In the matters involving Meeks and Schmidt, the House Ethics Committee was acting on recommendations made by the Office of Congressional Ethics, a quasi-independent body tasked with looking into allegations against members and furthering their findings on to the full ethics panel for further review.
Citizens For Responsibility and Ethics in Washington filed a formal ethics complaint against Meeks last summer over allegations he failed to disclose $40,000 he received from a businessman in the state. Meeks repaid the $40,000 personal loan, but only after the FBI started looking into the transaction.
In its Friday announcement regarding Meeks, the committee said even though the loan was not made by a commercial institution, it was provided on commercially reasonable terms that included a recorded written agreement, collateral and repayment terms.
The allegations against Schmidt are more complicated, stemming from litigation involving statements David Kirkorian, who has twice sought to challenge her for the 2nd District seat, made against her and whether she improperly relied upon donations from the Turkish American Legal Defense Fund to fight Kirkorian in court instead of setting up an independent legal expense trust.
Krikorian had filed multiple complaints to the OCE, alleging that the Ohio lawmaker improperly received free legal services from the TCA and its legal defense fund in violation of House rules. Schmidt has said she followed House rules and repeatedly sought Ethics Committee advice about the legal defense funds, but according to OCE report, she started receiving the legal assistance in the fall 2008 and only sought the committee's advice after Krikorian filed his first complaint in September 2009.
In its final report on the matter, the Ethics Committee cited repeated interactions with Schmidt and her office as they advised her about the legal payments. On Aug. 1, the committee unanimously voted not to empanel an investigative subcommittee to look into the matter further because they believe Schmidt unknowingly accepted legal expense payments from the Turkish American Legal Defense Fund and didn't believe further investigation would turn up new evidence.
Instead they ordered Schmidt to stop accepting legal work from the group, disclose the amount already accepted and pay back the attorneys who helped her fight various Ohio cases over the last three years.
Schmidt and Krikorian have repeatedly clashed in court since the 2008 election cycle, challenging each other before the Ohio Elections Commission, the Ohio courts and U.S. district court.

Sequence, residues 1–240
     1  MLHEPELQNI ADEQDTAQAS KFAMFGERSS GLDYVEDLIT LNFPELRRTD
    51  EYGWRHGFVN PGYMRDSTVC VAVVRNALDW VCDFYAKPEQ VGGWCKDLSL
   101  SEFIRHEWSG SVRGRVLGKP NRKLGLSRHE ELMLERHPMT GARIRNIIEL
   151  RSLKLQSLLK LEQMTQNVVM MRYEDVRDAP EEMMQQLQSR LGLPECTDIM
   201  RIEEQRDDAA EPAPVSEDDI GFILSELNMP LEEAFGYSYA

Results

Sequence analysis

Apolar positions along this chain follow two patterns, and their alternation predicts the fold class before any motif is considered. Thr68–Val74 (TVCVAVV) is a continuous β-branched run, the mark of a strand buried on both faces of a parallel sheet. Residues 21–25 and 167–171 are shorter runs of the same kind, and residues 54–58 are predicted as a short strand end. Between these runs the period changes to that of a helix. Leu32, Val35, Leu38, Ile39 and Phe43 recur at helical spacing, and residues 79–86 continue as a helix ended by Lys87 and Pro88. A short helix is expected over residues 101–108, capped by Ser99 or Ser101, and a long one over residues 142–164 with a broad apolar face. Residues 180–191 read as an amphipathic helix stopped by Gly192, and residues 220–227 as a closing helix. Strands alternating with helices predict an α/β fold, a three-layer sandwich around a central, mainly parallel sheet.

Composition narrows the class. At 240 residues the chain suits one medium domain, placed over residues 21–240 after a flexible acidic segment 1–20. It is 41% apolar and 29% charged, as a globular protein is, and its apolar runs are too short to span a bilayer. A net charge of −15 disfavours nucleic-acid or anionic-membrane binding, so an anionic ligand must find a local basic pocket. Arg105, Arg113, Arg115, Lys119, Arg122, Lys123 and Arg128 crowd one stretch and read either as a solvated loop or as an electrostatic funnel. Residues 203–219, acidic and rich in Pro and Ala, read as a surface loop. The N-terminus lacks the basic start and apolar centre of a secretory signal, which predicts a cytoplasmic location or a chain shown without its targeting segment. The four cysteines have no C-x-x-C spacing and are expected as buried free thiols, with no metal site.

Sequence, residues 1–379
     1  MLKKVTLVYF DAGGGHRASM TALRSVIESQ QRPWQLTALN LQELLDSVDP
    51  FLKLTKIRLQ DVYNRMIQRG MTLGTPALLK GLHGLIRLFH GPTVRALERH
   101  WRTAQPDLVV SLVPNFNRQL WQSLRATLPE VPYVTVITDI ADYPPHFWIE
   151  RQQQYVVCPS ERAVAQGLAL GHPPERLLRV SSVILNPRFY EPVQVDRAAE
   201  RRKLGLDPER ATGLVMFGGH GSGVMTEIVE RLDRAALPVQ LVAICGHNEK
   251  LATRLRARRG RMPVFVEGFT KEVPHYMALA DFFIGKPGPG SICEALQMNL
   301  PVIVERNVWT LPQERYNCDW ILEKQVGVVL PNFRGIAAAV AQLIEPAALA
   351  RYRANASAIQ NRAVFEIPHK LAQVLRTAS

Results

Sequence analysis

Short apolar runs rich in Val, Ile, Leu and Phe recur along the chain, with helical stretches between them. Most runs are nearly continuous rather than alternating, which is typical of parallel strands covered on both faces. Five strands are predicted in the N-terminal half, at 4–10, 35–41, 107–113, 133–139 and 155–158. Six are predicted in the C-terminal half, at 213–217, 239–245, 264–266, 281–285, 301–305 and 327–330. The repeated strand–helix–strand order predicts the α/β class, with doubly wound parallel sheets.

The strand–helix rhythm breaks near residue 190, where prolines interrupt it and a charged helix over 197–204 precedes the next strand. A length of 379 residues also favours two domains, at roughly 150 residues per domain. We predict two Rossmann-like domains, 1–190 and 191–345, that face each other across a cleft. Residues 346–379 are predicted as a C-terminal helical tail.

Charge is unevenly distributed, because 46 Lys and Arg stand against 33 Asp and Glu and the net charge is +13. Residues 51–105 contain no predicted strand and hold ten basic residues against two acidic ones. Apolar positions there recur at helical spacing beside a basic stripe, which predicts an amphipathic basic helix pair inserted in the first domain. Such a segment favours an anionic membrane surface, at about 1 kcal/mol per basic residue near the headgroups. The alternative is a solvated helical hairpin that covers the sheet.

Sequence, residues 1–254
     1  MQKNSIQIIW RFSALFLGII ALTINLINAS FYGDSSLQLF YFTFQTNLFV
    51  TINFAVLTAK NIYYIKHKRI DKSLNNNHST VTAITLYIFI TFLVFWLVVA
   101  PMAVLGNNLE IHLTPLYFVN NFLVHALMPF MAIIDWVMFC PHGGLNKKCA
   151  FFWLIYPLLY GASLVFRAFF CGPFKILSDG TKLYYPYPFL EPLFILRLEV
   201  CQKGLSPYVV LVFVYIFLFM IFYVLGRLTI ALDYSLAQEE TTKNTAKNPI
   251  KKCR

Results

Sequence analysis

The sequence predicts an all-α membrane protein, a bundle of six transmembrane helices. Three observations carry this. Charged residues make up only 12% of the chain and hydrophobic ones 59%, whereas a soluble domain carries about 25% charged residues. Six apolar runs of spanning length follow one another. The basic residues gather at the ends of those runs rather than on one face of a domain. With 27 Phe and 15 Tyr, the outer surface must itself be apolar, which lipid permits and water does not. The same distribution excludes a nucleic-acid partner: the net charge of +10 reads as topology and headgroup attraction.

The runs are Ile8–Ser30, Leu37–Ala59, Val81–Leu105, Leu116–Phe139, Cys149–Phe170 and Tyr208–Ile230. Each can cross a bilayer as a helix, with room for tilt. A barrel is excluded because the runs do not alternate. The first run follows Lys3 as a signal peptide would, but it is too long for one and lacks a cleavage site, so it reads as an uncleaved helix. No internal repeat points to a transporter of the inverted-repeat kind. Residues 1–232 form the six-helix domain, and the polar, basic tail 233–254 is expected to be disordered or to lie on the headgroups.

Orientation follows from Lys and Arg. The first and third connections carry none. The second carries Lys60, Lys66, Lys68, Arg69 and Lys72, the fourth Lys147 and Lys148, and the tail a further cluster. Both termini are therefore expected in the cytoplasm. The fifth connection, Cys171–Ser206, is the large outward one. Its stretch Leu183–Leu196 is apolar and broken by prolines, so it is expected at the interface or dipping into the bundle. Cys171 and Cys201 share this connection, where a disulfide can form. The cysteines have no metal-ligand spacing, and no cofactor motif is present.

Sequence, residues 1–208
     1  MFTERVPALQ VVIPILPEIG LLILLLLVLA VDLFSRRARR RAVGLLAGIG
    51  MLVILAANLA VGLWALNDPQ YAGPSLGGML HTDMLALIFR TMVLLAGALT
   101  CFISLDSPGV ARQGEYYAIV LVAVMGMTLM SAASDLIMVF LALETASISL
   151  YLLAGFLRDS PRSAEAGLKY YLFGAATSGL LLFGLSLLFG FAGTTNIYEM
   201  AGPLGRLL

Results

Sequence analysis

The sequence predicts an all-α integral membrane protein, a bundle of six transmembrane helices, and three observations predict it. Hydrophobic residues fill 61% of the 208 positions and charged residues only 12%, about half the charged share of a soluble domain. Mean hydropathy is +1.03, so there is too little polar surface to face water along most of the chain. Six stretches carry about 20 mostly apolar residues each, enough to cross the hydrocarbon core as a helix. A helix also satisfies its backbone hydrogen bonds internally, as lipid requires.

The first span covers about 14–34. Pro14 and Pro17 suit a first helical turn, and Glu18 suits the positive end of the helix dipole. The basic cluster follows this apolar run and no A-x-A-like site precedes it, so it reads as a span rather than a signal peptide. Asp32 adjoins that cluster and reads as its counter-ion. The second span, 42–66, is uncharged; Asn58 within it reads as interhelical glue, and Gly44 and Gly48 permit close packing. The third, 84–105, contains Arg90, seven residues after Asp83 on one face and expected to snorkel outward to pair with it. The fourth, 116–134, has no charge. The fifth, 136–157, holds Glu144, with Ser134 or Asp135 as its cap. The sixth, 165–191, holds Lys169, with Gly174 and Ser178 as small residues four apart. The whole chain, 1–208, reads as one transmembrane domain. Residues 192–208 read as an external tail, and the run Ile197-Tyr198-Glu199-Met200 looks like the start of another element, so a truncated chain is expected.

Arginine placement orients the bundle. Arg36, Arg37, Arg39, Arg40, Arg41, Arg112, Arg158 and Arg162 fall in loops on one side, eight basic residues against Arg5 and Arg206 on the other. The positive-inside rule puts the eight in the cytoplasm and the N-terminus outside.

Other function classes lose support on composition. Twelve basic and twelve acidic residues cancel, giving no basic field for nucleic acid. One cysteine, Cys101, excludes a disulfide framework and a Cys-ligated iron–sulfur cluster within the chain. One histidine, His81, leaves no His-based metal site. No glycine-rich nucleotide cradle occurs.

As Roll Call reported earlier this year, in the only pending case, Schmidt filed a defamation suit in the Clermont County Common Pleas Court in June against Krikorian, seeking $6.8 million in damages. Krikorian, an Armenian-American has accused Schmidt of accepting funds from Turkish political interests. In October 2009, the Ohio Elections Commission ruled that Krikorian made false statements when he circulated a flier in 2008 containing similar accusations.
The Ethics Committee's decision that Schmidt did not knowingly accept the improper gift of legal work contradicts findings in the OCE report, as well as the panel's recent precedent regarding legal expense trusts.
For example, last fall the ethics panel said Rep. Charles Rangel (R-NY) could not accept pro bono legal assistance to help him fight a string of ethics charges because he had yet to set up a legal expense trust.
In addition, the Ethics Committee did not address evidence included in the OCE report on the Schmidt matter that the Turkish American Legal Defense Fund (TALDF) attorneys had told the OCE investigators that they were "under the impression that they were providing legal services at no costs to Representative Schmidt."
The OCE report on Schmidt also cited one of the TALDF attorneys as testifying in a deposition before the Ohio Election Commission that he had told Schmidt and her campaign "that we would not charge them legal fees."
Reacting to the news, Krikorian was pleased Schmidt will be forced to pay back the $500,000 but said he didn't buy the argument that she didn't know the attorneys weren't charging her for their work.
"Personally I find it hard to believe that Jean Schmidt did not know the facts regarding her own attorneys in legal actions which she commenced in her own name - I find that to be laughable!" he said.
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